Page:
Autonomous robot does laundry

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People typically consider doing the laundry to be a boring chore. But laundry is far from boring for artificial intelligence (AI) researchers like Siddharth Srivastava, a scientist at the United Technologies Research Center, Berkeley. To AI experts, programming a robot to do the laundry represents a challenging planning problem because current sensing and manipulation technology is not good enough to identify precisely the number of clothing pieces that are in a pile and the number that...

Engineering the spark that starts wildfires

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Hot metal fragments can be created from power lines, overheated brakes, railway tracks, or any other manner of metal-on-metal action in our industrialized society. The particles can reach more than 5,000 degrees Fahrenheit, around the boiling point of most metals. Although these bits cool as they fall to the ground, they can ignite a flame that quickly spreads if they land on a prime fuel source like pine needles or dry grass. At least 28,000 fires occur each year in the U.S. due to...

Shoe-based tech helps amputees get extra mileage out of physical therapy - CES 2015

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It looks like Fitbit for feet, but it’s actually Google for gait, according to Stacy Bamberg, CEO and founder of Veristride. Veristride, a small business funded by NSF’s SBIR/STTR program, is developing tools to help amputees rehab faster with gait analytics. Wearable insoles pair with walking data analytics to provide people with information about how they walk to improve their performance. At the 2015 International CES, Bamberg explained how the tech may help people track their...

Light-based virus detection - CES 2015

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NSF-funded small business Nexgen Arrays is developing tests for the detection of viruses, including Ebola, Lassa, and Marburg, directly from blood, near the site of patient care. These tests are based on technology designed to rapidly detect a broad array of pathogens in a simple, easy-to-use test format. The tech grew out of the Smart Lighting Engineering Research Center, which develops new applications for health, productivity and energy savings. David Freeman, CEO of NexGen Arrays,...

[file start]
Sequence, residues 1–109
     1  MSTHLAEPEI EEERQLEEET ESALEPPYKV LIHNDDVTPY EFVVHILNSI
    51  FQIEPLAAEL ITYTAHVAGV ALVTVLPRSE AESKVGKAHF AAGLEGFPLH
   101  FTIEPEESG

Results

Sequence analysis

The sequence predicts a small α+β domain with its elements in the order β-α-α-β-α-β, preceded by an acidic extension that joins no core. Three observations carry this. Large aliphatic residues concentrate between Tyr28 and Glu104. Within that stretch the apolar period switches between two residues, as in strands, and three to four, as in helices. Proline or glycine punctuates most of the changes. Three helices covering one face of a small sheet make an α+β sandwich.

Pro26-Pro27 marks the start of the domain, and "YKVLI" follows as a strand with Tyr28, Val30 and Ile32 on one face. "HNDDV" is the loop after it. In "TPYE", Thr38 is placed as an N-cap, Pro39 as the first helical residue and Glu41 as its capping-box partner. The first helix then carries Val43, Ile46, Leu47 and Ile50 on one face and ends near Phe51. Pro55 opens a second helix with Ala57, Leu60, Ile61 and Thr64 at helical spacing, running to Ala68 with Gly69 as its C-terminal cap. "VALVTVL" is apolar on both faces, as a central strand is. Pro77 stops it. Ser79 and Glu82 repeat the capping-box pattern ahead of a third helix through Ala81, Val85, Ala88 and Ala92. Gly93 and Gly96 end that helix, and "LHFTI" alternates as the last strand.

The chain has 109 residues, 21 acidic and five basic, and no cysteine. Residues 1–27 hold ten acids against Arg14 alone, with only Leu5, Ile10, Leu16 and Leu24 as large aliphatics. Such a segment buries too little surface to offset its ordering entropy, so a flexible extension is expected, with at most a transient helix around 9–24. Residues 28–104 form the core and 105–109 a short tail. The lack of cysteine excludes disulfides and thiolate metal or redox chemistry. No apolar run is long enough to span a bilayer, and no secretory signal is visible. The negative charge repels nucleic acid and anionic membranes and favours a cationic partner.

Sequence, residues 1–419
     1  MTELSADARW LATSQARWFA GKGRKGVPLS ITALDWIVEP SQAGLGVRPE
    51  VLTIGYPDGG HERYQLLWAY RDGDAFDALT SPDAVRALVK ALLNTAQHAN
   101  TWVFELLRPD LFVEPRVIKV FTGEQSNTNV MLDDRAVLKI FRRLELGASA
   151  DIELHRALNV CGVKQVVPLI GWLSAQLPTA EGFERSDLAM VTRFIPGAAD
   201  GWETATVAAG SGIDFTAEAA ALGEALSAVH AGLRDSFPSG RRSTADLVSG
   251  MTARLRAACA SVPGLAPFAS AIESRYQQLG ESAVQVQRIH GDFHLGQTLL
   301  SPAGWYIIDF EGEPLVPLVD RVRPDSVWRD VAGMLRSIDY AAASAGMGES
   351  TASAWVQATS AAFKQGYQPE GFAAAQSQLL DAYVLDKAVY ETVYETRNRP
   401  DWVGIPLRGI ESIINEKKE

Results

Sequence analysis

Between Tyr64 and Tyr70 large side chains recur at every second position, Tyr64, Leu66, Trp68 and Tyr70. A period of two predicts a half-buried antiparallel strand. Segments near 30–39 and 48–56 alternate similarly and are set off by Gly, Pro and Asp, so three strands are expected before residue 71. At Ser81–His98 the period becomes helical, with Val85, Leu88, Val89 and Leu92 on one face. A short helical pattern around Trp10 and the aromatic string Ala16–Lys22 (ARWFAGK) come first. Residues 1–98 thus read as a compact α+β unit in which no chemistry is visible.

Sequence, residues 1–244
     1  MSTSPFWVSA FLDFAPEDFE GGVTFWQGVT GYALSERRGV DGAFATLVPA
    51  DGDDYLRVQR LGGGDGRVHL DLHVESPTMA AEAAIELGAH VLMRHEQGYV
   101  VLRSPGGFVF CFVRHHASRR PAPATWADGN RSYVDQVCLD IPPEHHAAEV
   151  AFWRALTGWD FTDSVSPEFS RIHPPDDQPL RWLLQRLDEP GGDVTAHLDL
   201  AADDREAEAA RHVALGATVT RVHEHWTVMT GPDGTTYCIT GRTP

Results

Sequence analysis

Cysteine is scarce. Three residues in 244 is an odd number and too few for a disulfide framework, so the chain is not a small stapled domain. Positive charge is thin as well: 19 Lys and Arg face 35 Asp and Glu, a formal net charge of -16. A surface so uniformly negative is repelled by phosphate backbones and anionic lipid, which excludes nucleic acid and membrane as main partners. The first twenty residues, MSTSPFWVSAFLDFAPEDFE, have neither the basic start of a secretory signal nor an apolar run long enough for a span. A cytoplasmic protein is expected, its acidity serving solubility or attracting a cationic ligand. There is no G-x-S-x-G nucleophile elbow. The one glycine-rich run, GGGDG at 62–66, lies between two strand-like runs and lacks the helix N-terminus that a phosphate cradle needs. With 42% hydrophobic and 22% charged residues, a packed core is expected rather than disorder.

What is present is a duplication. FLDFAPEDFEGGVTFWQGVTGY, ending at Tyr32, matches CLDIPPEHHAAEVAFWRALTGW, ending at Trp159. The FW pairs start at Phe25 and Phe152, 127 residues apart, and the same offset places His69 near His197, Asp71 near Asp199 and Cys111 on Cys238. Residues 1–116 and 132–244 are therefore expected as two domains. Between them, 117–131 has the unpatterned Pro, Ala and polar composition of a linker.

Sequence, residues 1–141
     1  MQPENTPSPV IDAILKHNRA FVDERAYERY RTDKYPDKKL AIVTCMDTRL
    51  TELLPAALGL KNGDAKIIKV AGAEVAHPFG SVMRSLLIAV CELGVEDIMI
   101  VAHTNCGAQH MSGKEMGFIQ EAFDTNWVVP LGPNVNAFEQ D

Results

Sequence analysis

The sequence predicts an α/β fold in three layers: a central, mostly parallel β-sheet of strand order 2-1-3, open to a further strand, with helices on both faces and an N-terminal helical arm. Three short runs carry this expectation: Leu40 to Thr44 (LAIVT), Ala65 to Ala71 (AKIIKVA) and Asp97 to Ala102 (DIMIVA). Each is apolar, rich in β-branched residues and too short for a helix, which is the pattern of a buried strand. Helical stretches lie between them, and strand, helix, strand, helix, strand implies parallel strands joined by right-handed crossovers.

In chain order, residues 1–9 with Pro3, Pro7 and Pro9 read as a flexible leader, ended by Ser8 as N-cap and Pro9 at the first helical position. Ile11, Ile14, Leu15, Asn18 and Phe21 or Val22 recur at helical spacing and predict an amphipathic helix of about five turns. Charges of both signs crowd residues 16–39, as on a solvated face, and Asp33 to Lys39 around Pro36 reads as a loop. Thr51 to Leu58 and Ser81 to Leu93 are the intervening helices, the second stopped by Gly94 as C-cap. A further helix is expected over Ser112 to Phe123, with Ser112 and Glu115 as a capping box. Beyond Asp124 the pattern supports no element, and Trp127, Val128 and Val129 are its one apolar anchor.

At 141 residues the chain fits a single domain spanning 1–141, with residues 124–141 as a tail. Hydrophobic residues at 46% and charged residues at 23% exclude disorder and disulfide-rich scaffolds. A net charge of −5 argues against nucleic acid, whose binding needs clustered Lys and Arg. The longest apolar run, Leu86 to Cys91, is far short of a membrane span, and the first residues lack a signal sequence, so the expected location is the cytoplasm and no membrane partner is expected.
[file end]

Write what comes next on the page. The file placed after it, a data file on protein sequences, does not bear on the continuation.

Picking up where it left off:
Heat and motion-powered wearable electronics for improved health - CES 2015

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At NSF-funded Engineering Research Centers across the United States, interdisciplinary university teams turn knowledge into new systems technologies. Working closely with industry and regional stakeholders, the centers ultimately aim to commercialize technological innovations. At International CES 2015, members of the NSF Nanosystems Engineering Research Center for Advanced Self-Powered Systems of Integrated Sensors and Technologies (ASSIST) demonstrated nanotech-enabled, wearable health...

Self-powered device measures lung function - CES 2015

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A portable device powered by a simple breath can measure lung function and transmit results to your phone. The 3-D printed device is designed to enable people with lung conditions, such as asthma or chronic obstructive pulmonary disease (COPD), to gauge their lung function without having to visit a clinic. The technology, developed by a student at the NSF Nanosystems Engineering Research Center for Advanced Self-Powered Systems of Integrated Sensors and Technologies (ASSIST), is one of...

Glass coatings enable futuristic digital displays - CES 2015

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At 2015 International CES, NSF-funded small business Sun Innovations demonstrated a special coating that transforms transparent surfaces – such as glass – into futuristic digital displays. The prototype, based on a set of nanophosphors with highly fluorescent quantum efficiency, could potentially enable vehicle windshields or building windows to display electronic information while remaining otherwise transparent. Learn more at http://www.sun-innovations.com .

Expansion microscopy brings the brain in 3-D into focus

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While most efforts to understand the brain focus on new technologies to magnify small anatomical features, engineers at the MIT-based Center for Brains, Minds and Machines have found a way to make brains physically bigger. The technique, which the researchers call expansion microscopy, uses an expandable polymer and water to swell brain tissue to about four and a half times its usual size, so that nanoscale structures once blurry appear sharp with an ordinary confocal microscope. Expansion...

New, smaller PMIC chip - CES 2015

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A significant amount of real estate inside your cell phone is taken up by a chip called a power management integrated circuit (PMIC). The chip delivers power from the battery to different areas within the phone, an efficient but bulky system. Now, NSF-funded small business Lion Semiconductor has designed a chip that is two to three times smaller than existing ones. A smaller chip means more room for a bigger battery – and longer battery life – or a thinner, smaller device. Wonyoung...

Headset uses ear muscle signals for hands-free control – CES 2015

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Can you wiggle your ears? If so, you're a prime candidate to try out a new headset from Reach Bionics. The small business has created technology that harnesses EMG signals from ear muscles. The creators demonstrated the device at the 2015 International CES Eureka Park. Even if you're not an obvious ear-wiggler, the hands-free controller can respond to muscle signals to control a computer cursor, motorized wheelchair or video game. Learn more: http://www.reachbionics.com/